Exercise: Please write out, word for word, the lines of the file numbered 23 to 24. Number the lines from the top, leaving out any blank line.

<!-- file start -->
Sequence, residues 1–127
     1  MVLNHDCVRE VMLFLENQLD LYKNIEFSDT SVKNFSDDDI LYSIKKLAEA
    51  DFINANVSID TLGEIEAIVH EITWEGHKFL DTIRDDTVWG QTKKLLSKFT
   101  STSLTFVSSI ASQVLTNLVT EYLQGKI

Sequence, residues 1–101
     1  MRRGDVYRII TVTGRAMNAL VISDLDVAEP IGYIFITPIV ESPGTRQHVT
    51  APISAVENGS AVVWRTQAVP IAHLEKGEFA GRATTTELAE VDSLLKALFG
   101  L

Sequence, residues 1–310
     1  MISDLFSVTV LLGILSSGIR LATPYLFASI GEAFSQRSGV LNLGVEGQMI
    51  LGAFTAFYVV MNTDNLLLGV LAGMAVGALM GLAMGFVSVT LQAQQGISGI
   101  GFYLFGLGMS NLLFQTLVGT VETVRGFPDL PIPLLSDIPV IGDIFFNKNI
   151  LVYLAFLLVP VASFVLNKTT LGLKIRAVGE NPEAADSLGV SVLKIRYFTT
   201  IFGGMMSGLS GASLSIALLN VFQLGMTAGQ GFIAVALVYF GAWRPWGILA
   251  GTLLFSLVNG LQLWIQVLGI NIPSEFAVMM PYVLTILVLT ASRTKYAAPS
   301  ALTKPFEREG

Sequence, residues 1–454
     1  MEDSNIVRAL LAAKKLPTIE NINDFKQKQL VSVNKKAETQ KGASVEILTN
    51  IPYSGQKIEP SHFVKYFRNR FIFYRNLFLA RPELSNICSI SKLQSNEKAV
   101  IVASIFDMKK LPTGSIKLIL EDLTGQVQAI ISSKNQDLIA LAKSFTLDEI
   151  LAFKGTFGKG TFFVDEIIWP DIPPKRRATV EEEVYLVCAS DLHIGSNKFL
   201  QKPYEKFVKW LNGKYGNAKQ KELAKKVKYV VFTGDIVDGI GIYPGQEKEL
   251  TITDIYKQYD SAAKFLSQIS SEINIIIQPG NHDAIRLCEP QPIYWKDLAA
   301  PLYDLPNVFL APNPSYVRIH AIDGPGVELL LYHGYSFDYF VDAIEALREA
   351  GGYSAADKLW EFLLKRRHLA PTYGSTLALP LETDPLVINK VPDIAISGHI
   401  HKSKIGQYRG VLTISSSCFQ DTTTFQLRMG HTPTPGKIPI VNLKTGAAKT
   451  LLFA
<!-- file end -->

   251  TITDIYKQYD SAAKFLSQIS SEINIIIQPG NHDAIRLCEP QPIYWKDLAA
   301  PLYDLPNVFL APNPSYVRIH AIDGPGVELL LYHGYSFDYF VDAIEALREA